Please use this identifier to cite or link to this item: https://hdl.handle.net/10356/151217
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dc.contributor.authorPal, Anjanen_US
dc.contributor.authorChua, Alton Yeow Kuanen_US
dc.contributor.authorGoh, Dion Hoe-Lianen_US
dc.date.accessioned2021-07-02T03:30:26Z-
dc.date.available2021-07-02T03:30:26Z-
dc.date.issued2019-
dc.identifier.citationPal, A., Chua, A. Y. K. & Goh, D. H. (2019). Debunking rumors on social media : the use of denials. Computers in Human Behavior, 96, 110-122. https://dx.doi.org/10.1016/j.chb.2019.02.022en_US
dc.identifier.issn0747-5632en_US
dc.identifier.other0000-0001-7203-7126-
dc.identifier.other0000-0002-5603-2453-
dc.identifier.urihttps://hdl.handle.net/10356/151217-
dc.description.abstractThe literature currently lacks an understanding of how denials can be crafted to effectively debunk rumors on social media. Underpinned by the theory of planned behavior, this research develops denials by incorporating salient beliefs to enhance users’ likelihood to share such messages. Two related studies were conducted. The first was a survey of 276 participants to identify salient beliefs that could be incorporated to develop rumor denials. The following salient beliefs were identified in the survey: (i) Sharing denials helps to spread the truth; (ii) Friends and the online community encourage the behavior of sharing denials; and (iii) Source credibility of denials encourages sharing. From among the pool of survey participants, 206 took part in a second study that employed an experiment to measure the efficacy of the developed denials. The experiment revealed that denials incorporating all the salient beliefs had the greatest potential to influence users’ likelihood of sharing. With a theory-driven approach to develop denials, this research offers insights to practitioners such as social media managers and website authorities on ways to debunk rumors.en_US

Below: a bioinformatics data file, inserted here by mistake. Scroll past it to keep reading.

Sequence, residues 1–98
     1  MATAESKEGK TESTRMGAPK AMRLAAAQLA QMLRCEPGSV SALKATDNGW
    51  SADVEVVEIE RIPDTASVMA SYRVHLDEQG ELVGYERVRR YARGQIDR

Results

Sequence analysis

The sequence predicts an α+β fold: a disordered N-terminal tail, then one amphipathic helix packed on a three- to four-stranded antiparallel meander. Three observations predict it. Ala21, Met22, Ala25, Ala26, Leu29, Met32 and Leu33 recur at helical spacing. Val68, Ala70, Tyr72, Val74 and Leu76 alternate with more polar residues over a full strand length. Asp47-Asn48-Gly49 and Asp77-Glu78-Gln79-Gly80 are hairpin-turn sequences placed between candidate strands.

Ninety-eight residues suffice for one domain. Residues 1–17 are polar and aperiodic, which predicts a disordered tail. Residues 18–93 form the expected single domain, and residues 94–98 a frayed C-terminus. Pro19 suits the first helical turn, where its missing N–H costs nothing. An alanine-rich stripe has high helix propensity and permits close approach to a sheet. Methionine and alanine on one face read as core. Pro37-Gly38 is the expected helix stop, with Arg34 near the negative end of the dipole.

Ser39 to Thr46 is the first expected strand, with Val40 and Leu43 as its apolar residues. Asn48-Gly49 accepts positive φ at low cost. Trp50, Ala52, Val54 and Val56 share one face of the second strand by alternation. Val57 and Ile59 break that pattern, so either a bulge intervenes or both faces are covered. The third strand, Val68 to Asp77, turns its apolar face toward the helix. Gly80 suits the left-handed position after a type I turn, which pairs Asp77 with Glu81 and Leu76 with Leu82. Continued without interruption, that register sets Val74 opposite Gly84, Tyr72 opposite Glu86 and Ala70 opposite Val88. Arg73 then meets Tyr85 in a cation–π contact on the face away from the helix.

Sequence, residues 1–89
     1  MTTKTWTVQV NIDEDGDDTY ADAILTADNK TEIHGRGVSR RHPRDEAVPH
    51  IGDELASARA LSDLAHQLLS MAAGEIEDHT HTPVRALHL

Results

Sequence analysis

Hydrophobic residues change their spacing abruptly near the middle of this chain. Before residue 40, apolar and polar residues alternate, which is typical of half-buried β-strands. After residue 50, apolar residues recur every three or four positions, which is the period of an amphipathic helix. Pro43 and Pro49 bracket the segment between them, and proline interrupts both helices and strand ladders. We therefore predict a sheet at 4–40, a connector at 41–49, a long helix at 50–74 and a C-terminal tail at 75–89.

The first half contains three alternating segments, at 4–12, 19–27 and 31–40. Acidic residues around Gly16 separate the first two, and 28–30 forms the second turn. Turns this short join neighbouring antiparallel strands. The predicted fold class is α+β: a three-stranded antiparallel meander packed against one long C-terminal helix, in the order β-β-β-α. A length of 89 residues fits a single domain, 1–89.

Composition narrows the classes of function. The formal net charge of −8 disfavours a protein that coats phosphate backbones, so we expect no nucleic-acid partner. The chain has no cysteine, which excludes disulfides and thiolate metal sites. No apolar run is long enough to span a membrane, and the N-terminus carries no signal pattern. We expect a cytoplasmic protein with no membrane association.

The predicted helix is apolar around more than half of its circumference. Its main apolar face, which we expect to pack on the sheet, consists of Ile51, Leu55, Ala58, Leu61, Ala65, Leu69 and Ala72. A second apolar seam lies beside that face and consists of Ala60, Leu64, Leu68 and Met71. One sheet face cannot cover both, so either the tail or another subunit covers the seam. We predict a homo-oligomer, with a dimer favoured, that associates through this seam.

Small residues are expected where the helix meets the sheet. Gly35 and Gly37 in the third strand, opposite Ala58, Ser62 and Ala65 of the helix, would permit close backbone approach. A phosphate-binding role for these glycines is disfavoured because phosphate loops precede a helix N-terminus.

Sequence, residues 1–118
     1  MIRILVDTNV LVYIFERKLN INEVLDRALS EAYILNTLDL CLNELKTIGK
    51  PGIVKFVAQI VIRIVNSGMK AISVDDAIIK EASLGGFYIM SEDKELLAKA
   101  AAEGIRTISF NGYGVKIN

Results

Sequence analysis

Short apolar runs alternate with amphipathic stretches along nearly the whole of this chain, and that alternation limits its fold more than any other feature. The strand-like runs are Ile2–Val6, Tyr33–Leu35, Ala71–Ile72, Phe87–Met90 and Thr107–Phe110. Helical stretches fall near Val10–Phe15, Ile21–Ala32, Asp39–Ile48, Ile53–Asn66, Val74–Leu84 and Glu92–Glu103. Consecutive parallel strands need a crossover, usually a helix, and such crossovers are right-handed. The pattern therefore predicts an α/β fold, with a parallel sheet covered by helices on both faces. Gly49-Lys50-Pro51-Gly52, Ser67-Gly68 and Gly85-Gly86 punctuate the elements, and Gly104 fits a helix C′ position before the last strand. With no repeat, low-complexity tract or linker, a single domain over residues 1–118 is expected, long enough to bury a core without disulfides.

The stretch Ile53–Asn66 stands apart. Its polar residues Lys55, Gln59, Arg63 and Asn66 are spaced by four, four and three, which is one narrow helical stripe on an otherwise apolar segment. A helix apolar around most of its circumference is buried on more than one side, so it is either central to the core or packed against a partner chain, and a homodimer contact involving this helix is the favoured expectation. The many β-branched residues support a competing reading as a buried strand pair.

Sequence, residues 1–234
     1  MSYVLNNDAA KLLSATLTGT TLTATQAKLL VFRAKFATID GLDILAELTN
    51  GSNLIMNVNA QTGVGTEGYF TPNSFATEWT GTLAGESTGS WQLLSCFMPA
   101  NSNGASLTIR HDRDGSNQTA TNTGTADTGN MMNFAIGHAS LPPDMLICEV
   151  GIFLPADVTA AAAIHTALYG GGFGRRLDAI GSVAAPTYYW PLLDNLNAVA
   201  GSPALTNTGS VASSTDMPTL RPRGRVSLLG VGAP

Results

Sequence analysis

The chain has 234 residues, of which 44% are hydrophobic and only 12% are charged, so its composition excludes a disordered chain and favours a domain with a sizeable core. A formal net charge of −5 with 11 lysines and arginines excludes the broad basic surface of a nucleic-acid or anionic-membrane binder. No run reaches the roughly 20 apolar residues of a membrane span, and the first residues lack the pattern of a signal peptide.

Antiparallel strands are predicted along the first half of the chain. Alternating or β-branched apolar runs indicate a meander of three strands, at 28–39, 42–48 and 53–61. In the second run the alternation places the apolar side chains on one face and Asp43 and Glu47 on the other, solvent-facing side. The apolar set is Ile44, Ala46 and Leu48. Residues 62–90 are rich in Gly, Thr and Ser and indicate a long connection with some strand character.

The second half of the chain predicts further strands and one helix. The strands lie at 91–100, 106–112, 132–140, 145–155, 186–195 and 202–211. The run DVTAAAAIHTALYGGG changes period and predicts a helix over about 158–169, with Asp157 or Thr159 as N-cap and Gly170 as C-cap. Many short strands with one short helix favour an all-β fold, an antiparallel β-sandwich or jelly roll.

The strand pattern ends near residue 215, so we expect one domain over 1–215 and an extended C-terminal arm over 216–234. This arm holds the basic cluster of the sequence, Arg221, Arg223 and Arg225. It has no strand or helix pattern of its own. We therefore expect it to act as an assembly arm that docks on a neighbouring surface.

dc.description.sponsorshipMinistry of Education (MOE)en_US
dc.language.isoenen_US
dc.relationMOE2014-T2-2-020en_US
dc.relation.ispartofComputers in Human Behavioren_US
dc.rights© 2019 Elsevier Ltd. All rights reserved.en_US
dc.subjectSocial sciences::Communicationen_US
dc.titleDebunking rumors on social media : the use of denialsen_US
dc.typeJournal Articleen
dc.contributor.schoolWee Kim Wee School of Communication and Informationen_US
dc.identifier.doi10.1016/j.chb.2019.02.022-
dc.identifier.scopus2-s2.0-85062732269-
dc.identifier.volume96en_US
dc.identifier.spage110en_US
dc.identifier.epage122en_US
dc.subject.keywordsRumoren_US
dc.subject.keywordsDenialen_US
dc.description.acknowledgementThis work was supported by the Ministry of Education Research Grant AcRF Tier 2 (MOE2014-T2-2-020).en_US
item.grantfulltextnone-
item.fulltextNo Fulltext-
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